Home    |    Services   |    Contact Us    |    News   |    COVID-19 Info   |    Resources   |   
SCCB Connects Logo

SCCB Connects • February 2021

Restoring vision restores independence

Juana Gomez began experiencing the effects of vision loss about four years ago, a situation that often presented her with a daily obstacles. Routine tasks, such as pouring a glass of water, dialing a telephone, or walking safely across a room, became extremely difficult.

Much to her dismay, the condition continued to progress until she could no longer clearly see the faces of family members and friends. Although she found ways to adapt to some of the limitations, this was a very difficult time and Juana tried to remain hopeful.

Example of an eye with a cataract and an eye without a cataract.

Recognizing the safety concerns brought about by her reduced vision, Juana’s family reached out for assistance. She was assessed at the York Clinic in York, SC; she was legally blind and severe cataracts were the cause of her vision loss. The York Clinic referred Juana to the SC Commission for the Blind (SCCB) where she and her family were excited to find out she was eligible for the agency’s Prevention of Blindness services.

The Prevention program provides financial assistance for surgeries or eyeglasses to help restore an individual’s visual acuity so that they can maintain independence, and gain or retain employment. It also provides education on blindness prevention and eye safety across the state.

SCCB staff began coordinating with Juana’s doctor during the Summer and surgery dates were scheduled for August. By the end of that month, the cataracts had been removed from both of Juana’s eyes and each eye determined to be in healthy condition.

Almost immediately, Juana commented on how wonderful it was to see again.

A former seamstress, Juana had missed being able to sew. She had enjoyed preparing special linens and many decorations for weddings and other occasions. After the surgery, the first time she walked into a local store with her daughter-in-law, Juana exclaimed, “The colors of everything are so beautiful!” It meant a great deal to her to be able to see the color, texture, and variety of fabrics available.

Juana is very thankful for the services she received from SCCB; they helped restore her vision, her quality of daily living, and reengage with her community. Juana has always been an independent individual, so it was no surprise to those who know her best when they found her once again busy and excited to work on projects and care for family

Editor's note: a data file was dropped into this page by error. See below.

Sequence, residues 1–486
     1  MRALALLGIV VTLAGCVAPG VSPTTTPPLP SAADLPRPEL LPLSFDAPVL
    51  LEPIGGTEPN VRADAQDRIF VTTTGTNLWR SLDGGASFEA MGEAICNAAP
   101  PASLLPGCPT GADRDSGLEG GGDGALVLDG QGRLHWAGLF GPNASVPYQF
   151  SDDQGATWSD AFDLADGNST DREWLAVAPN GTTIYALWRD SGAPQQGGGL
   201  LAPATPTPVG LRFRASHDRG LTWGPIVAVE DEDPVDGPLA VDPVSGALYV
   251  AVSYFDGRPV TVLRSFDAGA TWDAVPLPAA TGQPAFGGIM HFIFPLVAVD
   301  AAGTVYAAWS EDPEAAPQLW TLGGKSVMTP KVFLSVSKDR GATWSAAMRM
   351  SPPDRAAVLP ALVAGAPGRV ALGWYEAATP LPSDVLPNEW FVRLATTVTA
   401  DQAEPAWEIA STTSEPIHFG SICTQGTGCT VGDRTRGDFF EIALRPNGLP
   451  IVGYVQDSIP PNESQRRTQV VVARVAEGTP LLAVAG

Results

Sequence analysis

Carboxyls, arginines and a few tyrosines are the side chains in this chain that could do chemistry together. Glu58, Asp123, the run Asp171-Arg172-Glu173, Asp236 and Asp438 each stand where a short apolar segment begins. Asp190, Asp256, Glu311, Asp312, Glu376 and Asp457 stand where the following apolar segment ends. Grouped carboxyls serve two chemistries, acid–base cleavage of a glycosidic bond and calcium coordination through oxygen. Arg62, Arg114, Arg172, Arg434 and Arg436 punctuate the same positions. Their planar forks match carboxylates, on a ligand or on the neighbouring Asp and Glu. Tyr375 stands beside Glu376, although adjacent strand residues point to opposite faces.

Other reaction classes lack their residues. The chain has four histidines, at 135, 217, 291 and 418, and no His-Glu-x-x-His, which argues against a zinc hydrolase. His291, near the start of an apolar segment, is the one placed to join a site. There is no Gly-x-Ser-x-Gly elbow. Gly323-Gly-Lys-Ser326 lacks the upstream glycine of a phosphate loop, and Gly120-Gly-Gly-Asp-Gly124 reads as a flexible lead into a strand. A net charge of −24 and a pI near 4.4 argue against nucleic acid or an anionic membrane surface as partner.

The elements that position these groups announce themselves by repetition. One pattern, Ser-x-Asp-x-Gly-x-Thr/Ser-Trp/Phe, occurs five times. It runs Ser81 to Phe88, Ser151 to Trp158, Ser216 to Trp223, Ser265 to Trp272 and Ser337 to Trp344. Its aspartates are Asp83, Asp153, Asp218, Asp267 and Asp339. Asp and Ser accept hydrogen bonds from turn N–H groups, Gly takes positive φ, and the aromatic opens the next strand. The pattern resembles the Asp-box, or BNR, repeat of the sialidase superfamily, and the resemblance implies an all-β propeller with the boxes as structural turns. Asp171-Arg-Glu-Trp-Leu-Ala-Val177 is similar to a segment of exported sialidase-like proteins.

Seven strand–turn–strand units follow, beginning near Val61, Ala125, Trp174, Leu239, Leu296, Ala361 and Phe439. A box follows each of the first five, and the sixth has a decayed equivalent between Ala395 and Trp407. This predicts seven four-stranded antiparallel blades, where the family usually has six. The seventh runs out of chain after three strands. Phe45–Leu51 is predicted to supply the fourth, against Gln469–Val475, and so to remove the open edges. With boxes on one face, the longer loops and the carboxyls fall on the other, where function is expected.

About Prevention of Blindness services

Prevention of Blindness services help residents of South Carolina who do not have insurance prevent the loss of sight through promoting public awareness and by sponsoring appropriate eye related medical services which aid in the restoration of sight or prevent the loss of additional sight.

To be eligible for Prevention of Blindness, an individual must:

  • Be a resident of South Carolina.
  • Meet financial requirements.
  • Not be covered by any health insurance program, including Medicare or Medicaid.

Photo of Anastasia DeGuzman, Braille Instructor, and Derrick Strick, Training and Employment Instructor, during their presentation at the Dare to be Remarkable virtual conference on December 16, 2020.

SCCB instructors present at national conference

Anastasia DeGuzman, Braille Instructor, and Derrick Strick, Training and Employment Instructor, (pictured above, left to right) were selected to present at the Dare to be Remarkable virtual conference that was held on December 15-17, 2020.

During their presentation, titled “Blindness, Literacy and Employment in the 21st Century,” they discussed the causes of blindness and provided breakdowns by age and employment status followed by a brief review of Braille research, literacy outcomes and the limited implementation of technology and instruction in relation to employment outcomes. Next, they gave an overview of the necessary instructional skills, technological skills and specialized equipment available to provide high-quality distance learning in Braille. Finally, they presented the components of a Proposed distance-learning Braille instruction Framework using the 4 Pillars of Andragogy and Structured Discovery Methodology. They also gave a demonstration of how instructors could remotely interact with consumers when teaching Braille online.

Table covered with examples of a variety of Braille displays.

Dare to Be Remarkable is a three-day national training conference for education and rehabilitation professionals who work with blind and low vision transition-aged students or adults.

Five guiding principles for success

  1. Follow the state and federal rules, regulations and policies the SCCB operates under.
  2. Provide quality services.
  3. Work together as a team.
  4. Build and strengthen relationships and partnerships.
  5. Communicate effectively. No registration is required.

Counselors receive perfect QA score

Congratulations to VR counselors Theresa Page and Dainese Finley for achieving a perfect score on the Quality Assurance (QA) second quarter Data Validation Review report!

Consumer Comment

The following comment was recently received from a consumer
who received services from SCCB:

I can’t thank you enough for what you did for me. SC Commission for the Blind is a blessing from God. When you have struggled all your life and can’t afford insurance and other things, it’s a terrible feeling. You all rescued me from not knowing how I was going to make a living for my family. I have nothing but gratitude for you. This organization is top-notch and definitely needed in this world. Thank you, from the bottom of my heart.

—Former SCCB VR Consumer